Elder Abuse by Caregivers can Happen in Facilities and at Home

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Identifying Signs of Abusive Caregivers in Nursing Homes, Assisted-Living Facilities, and at the Homes of Seniors

When we talk about nursing home negligence and abuse, we are referring not only to elder abuse that occurs in a skilled nursing facility, but also to abuse that happens in assisted-living facilities, and even at the homes of seniors who have live-in or visiting caregivers.

While elder neglect and nursing home malpractice can have many different signs and symptoms—as well as many different causes, from understaffed facilities to inattentive staff members—it is especially important to be able to spot the signs of an abusive caregiver or nursing home negligence, according to a recent article in NorthJersey.com. Given that elder abuse can take so many different forms, family members might not be on the lookout for symptoms of nursing home malpractice or abuse, especially when the caregiver does not seem to fit certain stereotypes we tend to carry about abusers. If you suspect a loved one may have experienced elder abuse or injury, contact a nursing home abuse lawyer to discuss your options.

However, many different types of people can commit elder abuse, and it is often some of the individuals you would least expect who end up being responsible for the physical abuse, emotional abuse, and financial abuse of an elderly person in New Jersey or elsewhere in the country. Only about one out of every 14 cases of nursing home negligence or elder abuse is reported, according to a study conducted by the National Research Council. In other words, elder abuse and nursing home malpractice often go unreported. As such it is often up to friends, family members, and neighbors to identify and report abuse to authorities first, then contact a nursing home abuse attorney when it is happening.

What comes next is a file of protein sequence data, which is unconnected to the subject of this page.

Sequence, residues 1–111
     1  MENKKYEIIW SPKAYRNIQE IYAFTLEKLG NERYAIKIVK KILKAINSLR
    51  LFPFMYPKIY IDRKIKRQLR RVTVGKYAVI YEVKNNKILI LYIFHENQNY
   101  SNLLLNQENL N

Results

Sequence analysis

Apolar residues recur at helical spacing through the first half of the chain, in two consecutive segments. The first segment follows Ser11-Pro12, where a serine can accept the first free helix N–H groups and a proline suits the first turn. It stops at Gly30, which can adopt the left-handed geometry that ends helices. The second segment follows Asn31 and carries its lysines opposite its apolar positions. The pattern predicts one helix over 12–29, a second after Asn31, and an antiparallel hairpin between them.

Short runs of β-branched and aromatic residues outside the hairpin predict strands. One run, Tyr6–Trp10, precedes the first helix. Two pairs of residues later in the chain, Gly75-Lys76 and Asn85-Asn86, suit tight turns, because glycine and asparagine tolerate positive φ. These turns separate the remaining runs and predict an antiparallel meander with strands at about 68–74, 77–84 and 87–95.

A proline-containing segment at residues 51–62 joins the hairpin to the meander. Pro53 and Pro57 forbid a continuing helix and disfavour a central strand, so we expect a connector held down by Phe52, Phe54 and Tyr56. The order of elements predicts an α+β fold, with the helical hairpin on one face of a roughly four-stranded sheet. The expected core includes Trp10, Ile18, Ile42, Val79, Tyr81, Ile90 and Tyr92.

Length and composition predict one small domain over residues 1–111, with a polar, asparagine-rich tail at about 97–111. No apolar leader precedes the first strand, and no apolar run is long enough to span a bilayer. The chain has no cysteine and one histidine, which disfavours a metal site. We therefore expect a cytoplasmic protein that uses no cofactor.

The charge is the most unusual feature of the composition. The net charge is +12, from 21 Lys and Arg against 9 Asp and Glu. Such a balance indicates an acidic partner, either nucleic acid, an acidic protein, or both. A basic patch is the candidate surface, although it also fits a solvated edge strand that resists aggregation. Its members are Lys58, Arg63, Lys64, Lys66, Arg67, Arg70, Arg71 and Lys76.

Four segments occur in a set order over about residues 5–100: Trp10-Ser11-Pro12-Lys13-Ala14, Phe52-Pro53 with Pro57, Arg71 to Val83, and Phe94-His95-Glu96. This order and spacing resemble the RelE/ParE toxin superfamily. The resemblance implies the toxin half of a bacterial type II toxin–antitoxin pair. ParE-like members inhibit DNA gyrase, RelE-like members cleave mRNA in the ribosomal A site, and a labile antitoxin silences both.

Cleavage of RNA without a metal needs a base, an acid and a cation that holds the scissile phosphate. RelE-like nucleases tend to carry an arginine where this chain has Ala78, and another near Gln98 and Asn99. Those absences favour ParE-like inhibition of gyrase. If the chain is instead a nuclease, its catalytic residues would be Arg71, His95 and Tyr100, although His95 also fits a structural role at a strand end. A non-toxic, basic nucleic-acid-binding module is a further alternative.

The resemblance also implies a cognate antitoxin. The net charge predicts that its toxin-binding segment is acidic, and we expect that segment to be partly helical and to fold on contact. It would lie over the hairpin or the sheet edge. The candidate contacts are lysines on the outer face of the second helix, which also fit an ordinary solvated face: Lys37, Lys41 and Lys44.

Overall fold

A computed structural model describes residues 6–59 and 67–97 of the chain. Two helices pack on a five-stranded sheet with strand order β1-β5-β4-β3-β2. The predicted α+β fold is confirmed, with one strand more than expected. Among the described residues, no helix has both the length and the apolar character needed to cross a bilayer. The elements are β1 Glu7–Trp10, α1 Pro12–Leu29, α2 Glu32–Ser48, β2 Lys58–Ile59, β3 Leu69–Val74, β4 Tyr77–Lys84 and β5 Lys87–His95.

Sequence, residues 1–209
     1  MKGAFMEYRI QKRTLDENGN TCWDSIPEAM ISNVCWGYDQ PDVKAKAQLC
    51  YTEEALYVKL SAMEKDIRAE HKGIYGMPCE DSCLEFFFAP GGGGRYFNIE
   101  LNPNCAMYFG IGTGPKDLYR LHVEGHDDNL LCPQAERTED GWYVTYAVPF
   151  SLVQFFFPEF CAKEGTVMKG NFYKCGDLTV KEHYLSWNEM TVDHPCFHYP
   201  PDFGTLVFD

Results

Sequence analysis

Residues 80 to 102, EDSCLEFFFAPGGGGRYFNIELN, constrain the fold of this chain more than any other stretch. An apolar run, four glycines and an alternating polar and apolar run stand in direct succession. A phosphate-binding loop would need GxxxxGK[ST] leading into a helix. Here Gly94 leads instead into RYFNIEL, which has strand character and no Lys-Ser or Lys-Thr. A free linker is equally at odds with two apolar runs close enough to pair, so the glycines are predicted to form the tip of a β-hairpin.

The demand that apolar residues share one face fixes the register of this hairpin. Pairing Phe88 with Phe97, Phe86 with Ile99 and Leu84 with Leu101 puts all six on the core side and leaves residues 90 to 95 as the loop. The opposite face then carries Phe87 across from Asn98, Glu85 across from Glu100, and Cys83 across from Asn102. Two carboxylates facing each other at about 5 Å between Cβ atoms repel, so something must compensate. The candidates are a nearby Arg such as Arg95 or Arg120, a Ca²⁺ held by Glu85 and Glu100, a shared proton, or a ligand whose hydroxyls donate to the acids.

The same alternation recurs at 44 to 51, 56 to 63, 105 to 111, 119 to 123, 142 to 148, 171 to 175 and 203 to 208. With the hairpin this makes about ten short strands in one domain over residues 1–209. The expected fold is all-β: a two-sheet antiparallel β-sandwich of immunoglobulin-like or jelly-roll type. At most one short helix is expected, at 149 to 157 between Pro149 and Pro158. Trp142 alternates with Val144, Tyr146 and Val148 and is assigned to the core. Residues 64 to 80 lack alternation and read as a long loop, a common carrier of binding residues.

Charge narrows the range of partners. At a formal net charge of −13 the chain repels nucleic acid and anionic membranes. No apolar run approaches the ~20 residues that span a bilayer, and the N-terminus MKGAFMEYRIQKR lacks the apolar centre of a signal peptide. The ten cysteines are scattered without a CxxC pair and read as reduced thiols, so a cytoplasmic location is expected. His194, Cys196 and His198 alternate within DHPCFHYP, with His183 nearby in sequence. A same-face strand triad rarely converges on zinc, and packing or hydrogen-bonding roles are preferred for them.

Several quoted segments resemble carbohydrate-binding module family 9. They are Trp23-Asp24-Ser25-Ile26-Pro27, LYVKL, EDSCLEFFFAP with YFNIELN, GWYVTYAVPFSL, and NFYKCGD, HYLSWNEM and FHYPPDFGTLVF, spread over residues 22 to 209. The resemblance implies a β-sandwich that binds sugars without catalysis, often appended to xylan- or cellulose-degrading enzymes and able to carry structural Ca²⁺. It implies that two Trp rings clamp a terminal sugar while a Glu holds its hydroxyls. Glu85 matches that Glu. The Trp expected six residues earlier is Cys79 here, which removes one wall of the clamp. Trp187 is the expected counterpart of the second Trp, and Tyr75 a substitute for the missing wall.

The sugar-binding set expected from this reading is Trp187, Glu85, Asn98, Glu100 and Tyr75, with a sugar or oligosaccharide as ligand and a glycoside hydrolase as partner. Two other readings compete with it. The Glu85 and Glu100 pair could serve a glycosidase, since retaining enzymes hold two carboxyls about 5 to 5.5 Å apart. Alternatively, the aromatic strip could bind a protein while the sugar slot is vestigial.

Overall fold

Recognizing Signs of Nursing Home Malpractice and an Abusive Caregiver

If you have an elderly loved one in a nursing home or living at home with the help of a caregiver, general signs of abuse by the caregiver tend to include one or more of the following:

  • Signs of emotional disturbance in the patient, including but not limited to a senior being depressed, confused, withdrawn, agitated, violent, or fearful;
  • Signs of a senior’s change in activity, such as difficulty sleeping, ceasing to participate in activities the person previously enjoyed and becoming more isolated from friends or family members;
  • Signs of physical abuse in the senior, such as weight loss that is unexplained by other medical reasons, poor hygiene, bed sores or pressure ulcers, unexplained bruises or burns, and any other signs of physical trauma;
  • Indications that the caregiver is taking financial advantage of the senior, such as the loss of valuable items in the home or room, bills that are not being paid, or checks that seem to have been signed by the caregiver;
  • Signs that the caregiver is attempting to isolate the senior socially, such as refusing to let certain friends or family members see the senior;
  • Signs that the caregiver is engaging in harmful behavior toward the senior, such as refusing to show affection for the patient, behaving indifferently or even aggressively toward the patient, or making comments about the senior being a burden;
  • Signs that the caregiver has become financially dependent upon the senior; and/or
  • Caregiver with a history of substance abuse, mental illness, or domestic violence.

Elder abuse and nursing home negligence happen too often. If something seems off with your elderly loved one, you should discuss your concerns with an experienced nursing home abuse lawyer.

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